We headed onto Limbe, where we thought we would be for 2 nights but ended up being for 5 nights after Mark was diagnosed with 3 illnesses. At this point Walter, Sue, Will, Carrie and Dean set off for their Mount Cameroon climb. The rest remained at the campsite, conveniently just around the corner from a delightful French bakery.
Mount Cameroon was successfully scaled by all those who attempted her. The reports were that it was highly enjoyable with “simply breath-taking” scenery, but very windy. Well done to all those guys and girls. The highest mountain in west and central Africa (the sixth highest mountain in Africa)…… fact.
Joost, Renier and Amy ‘flew’ on to Yaounde on the local buseswith their eyes closed the whole way, to deny themselves the life threatening reality of travelling on African roads, in order to get Ren a new passport and obtain visas for the group for Gabon and the DRC.
The truck arrived in Yaounde where we once again, conveniently, found a campsite around the corner from an even better local patisserie, and the search for Ruby’s DHL package of parts began. After 5 days of waiting, and consuming lots of doughnuts (and lots of putting up and taking down of tents), we decided to head off towards Gabon leaving Amy behind (again….) to continue the search for our parts. After heading back to Douala and counting down many hours in the DHL office she finally took delivery of the much-needed parts.
We did 3 bush camps on our way to Libreville. The first one was at another hospital where we sat around telling ghost stories. Willy later surprised Lee coming out of the toilet by covering himself in his black sleeping bag liner. Lee (apparently) then screamed like a little girl to the great amusement of all those still awake at the time, although he claims to have noticed Willy’s odd coloured flip flops protruding out from underneath and was neither fooled nor scared by the whole event. The jury is still out as to whether or not we believe him.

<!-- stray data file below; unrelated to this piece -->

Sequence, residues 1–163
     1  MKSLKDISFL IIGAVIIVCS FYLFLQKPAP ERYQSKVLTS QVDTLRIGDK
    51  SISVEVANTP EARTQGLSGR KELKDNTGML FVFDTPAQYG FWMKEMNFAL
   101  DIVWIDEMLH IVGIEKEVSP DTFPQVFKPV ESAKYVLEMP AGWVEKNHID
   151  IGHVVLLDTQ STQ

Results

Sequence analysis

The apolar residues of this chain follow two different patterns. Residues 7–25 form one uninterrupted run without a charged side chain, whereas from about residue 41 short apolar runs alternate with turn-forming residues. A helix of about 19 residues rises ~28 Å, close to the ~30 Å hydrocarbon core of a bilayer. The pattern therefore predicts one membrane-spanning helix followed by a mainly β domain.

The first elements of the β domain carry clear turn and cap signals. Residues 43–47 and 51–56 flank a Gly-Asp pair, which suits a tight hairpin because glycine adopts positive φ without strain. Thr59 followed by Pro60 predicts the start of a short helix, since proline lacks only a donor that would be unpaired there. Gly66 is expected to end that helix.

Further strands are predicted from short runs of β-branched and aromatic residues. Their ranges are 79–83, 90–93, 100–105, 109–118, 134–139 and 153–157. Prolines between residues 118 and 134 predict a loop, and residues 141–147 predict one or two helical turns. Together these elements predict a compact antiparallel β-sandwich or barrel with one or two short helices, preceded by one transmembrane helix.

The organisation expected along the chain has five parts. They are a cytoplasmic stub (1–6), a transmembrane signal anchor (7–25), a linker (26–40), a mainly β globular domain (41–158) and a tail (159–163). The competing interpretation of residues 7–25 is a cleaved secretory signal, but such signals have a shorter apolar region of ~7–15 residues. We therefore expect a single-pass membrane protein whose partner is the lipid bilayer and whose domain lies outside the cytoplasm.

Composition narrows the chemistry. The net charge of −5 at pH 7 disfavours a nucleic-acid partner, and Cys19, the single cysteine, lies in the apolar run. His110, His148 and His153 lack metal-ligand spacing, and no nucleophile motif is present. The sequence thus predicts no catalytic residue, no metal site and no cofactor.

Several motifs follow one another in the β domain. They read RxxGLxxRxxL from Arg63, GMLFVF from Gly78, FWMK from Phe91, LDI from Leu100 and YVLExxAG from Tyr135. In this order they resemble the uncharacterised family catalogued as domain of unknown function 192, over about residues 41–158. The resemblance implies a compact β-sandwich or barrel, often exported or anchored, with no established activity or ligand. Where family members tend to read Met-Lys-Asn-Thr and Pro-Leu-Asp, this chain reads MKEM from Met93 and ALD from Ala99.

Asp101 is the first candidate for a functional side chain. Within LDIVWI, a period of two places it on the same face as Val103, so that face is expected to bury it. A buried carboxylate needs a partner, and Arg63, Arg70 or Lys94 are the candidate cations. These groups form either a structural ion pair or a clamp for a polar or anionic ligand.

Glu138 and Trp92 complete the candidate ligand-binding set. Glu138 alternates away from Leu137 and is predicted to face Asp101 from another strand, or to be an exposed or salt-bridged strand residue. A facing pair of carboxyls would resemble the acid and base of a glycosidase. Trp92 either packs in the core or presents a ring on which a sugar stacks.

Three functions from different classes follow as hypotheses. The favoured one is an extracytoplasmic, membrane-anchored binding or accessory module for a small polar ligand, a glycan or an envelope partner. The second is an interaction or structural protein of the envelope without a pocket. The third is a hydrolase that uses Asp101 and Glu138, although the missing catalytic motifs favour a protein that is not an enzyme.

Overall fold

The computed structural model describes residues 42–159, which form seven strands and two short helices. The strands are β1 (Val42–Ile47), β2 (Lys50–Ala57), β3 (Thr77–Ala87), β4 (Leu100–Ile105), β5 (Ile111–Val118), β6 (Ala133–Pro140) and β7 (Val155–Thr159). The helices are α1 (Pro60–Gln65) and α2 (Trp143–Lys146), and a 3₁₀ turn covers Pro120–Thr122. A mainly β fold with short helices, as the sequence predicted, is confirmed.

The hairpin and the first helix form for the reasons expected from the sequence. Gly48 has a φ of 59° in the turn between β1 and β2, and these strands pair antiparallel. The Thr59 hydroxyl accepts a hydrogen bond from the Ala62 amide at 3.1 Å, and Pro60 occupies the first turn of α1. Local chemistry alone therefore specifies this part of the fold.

The 2ndbushcamp was very eventful. Our flapping ritual was interrupted by a rainstorm that didn’t stop until the middle of the night. We woke up in a huge puddle of mud. After trying for 4 hours, in vain, to get Ruby out of the mud we were rescued by Andre and Chesley’s efforts to flag-down an empty logging truck. After a couple of strained towing efforts and some further digging we were pulled free and able to continue on our way. Much needed relief for our filthy bodies came in the form of a water pump at a nearby village.
Another bush camp; this time with no ghost stories, no rain, no mud and no drama. We then continued onto Libreville, and straight to the Angolan Embassy. We made it with minutes to spare before it closed, but were told to come back on Monday. We also met our latest additions to the truck, and gained a new nationality at the same time, whenScots Iain and Laura joined.
Amy returned, after being held up at immigration for awhile, and the parts were installed on Ruby.
Our time in Libreville has been pretty lazy, mostly just trying to get out of the 45 degree centigrade heat during the day and the thunderstorms at night. Good pizzas have been found along with a hidden ten-pin bowling alley. Various assortments of meats have been sampled, with Rebecca once again being the most game and sampling chicken foot. Andre also celebrated his birthday by eating alligator. Much advantage has been taken of the toilet and shower facilities and lots of grooming has been done. Whilst everybody has their own individual grooming techniques Willy chose the most drastic route by temporarily adopting a new Crusty the Clown look, before shaving off the remaining famous curly blonde locks.
In a ridiculously expensive town like Libreville respite from the constant feeling you’re just burning money was much needed, and this thankfully came in the form of cheap beer found just metres from the campsite. A sleepless night was had by all last night. With high humidity, no rain and complete lack of a breezesleeping was a luxury not many enjoyed a lot of.